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al-Inzal & al-Tanzil Of The Quran

May 27, 2020

Al-inzal and al-tanzil of the al-quran

The processes of al-inzal and al-tanzil in communicating the quran to humankind require that the Quran exists prior to its communication. Since the Quran contains the objective sources of reality, its revelation to Muhammad occurred in a conclusive, unalterable manner, regardless of any circumstances of revelation (hence, the asbab al-nuzul do no apply to the Quran). Its revelation was inevitable, whether someone required this information or not. Allah even urged people not to ask questions in this respect before the Quran was revealed: as in (Ma”ida:101)

We have agreed that the Quran’s preexistence, before its inzal and tanzil, could not have been in the form of an Arabic text. This is because if it had been an Arabic text before it was revealed, Allah would be an Arabic native speaker. This, of course, is an absurd idea. What really happened was that Allah changed the Quran from something else unknown to use into an Arabic text, that is, He changed the text’s ‘becoming’ (al-sayrura) or as we can say a mutation, and the following verses attest to this truth:

We have made it a Quran in Arabic, that you may be able to understand (and learn wisdom). (Zukhruf:3) Therefore, rather than being an Arabic text the Quran was objective reality before its revelation, embodying general, absolute, and eternal laws of the universe, unaltered since the creation of the world. Allah revealed it for the first time in human history as (an Arabic) text, that is, He developed its ‘becoming’ so that it was, by way of al-inzal, perceivable by the human mind:

We have sent it down as an Arabic Quran in order that you may learn wisdom. (Yusuf:2)…
According to this sequence, al-inzal is the process of transforming (ja’l) the absolute laws of life and nature which had been stored primordially in a ‘tablet preserved’ (lawh mahfudh) and in a ‘record clear’ (imam mubin), or which were derived directly from Allah’s knowledge (‘ilm Allah), into the linguistic form of the Arabic language so that these laws, which previously existed outside the human mind, could now be perceived, heard, and seen. Al-tanzil, in contrast, represents the subsequent objective transfer of the content of al-kitab, via the messenger angel Jibril, into Muhammad’s brain, from where he delivered it verbatim to the people of Mecca and Medina.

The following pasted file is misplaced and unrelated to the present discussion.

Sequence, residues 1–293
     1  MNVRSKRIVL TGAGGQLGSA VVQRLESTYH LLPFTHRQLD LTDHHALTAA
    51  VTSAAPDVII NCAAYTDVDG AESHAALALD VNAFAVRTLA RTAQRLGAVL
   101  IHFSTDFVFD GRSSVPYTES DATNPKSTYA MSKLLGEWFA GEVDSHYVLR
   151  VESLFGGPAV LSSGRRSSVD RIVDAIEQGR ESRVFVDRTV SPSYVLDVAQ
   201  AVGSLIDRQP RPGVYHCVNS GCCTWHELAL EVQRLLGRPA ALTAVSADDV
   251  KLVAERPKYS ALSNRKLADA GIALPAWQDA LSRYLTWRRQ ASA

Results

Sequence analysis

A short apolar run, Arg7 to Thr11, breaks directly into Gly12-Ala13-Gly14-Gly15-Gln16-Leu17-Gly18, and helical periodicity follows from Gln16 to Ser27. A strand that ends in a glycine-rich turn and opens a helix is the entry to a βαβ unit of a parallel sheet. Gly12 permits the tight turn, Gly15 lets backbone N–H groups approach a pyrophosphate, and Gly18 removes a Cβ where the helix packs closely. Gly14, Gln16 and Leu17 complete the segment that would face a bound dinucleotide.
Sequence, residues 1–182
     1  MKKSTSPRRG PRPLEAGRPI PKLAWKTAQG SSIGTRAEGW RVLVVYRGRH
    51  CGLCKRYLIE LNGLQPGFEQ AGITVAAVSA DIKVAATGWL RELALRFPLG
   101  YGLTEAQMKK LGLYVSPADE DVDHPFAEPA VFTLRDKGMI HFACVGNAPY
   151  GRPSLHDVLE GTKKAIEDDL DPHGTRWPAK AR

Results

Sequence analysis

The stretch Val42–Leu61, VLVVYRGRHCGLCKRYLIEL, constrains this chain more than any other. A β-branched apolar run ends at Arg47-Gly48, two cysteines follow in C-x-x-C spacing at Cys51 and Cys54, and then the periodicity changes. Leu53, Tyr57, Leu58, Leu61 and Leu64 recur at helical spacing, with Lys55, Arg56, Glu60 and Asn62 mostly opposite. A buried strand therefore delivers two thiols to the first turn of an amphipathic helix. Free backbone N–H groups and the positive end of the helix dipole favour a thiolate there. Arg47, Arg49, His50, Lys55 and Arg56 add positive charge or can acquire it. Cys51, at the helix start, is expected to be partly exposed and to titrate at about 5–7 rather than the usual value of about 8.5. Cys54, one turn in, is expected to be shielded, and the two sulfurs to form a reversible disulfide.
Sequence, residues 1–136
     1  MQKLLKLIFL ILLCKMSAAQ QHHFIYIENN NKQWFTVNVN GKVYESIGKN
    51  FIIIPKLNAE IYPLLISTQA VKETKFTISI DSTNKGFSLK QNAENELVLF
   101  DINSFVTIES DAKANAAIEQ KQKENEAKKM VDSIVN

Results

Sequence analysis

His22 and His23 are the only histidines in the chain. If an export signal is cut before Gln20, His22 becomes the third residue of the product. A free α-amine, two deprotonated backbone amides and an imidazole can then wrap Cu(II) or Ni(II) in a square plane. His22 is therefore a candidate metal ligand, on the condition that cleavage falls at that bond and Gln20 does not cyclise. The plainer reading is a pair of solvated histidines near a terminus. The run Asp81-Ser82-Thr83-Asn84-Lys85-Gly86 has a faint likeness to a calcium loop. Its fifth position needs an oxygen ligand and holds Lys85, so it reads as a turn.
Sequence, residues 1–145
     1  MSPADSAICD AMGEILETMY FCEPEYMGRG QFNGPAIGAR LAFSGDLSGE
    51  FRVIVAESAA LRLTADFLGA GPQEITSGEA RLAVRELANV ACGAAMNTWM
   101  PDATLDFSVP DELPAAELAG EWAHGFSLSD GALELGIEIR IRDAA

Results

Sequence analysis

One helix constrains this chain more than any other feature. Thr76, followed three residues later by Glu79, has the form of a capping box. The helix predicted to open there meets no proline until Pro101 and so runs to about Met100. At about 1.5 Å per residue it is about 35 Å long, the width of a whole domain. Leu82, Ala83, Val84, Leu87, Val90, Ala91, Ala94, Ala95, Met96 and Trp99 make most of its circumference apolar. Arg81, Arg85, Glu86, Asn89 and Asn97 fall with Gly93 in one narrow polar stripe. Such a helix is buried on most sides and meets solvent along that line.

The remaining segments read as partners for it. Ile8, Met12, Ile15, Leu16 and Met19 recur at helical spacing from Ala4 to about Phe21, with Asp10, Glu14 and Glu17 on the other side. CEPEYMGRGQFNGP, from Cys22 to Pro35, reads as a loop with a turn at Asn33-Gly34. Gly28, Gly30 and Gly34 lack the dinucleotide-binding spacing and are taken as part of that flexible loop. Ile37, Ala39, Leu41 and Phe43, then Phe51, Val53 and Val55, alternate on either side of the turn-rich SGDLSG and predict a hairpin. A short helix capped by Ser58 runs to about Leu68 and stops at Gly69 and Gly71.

Whereas al-inzal occurred in one single impulse during the laylat al-qadr (‘We have indeed revealed this [al-Quran] in the night of power’, Al-Qadr:1), al-tanzil took twenty-three years to be completed. The reason for this long process of revelation in installments was that Allah wanted to strengthen the hearts of the believers gradually: (‘Those who reject faith say: “Why is not the Quran revealed to him all at once? Thus (is it revealed), that We may strengthen your heart thereby, and We have rehearsed it to you in slow, well-arranged stages, gradually’, Furqan:32).

The Quran was revealed orally. It would have been possible to reveal it in written form (as was done with Moses’ ‘tablets’), but its dhikr, its format of remembrance, was in oral format which did not allow the unbelievers to touch Allah’s revelation ‘with their hands’ and deride its true identity.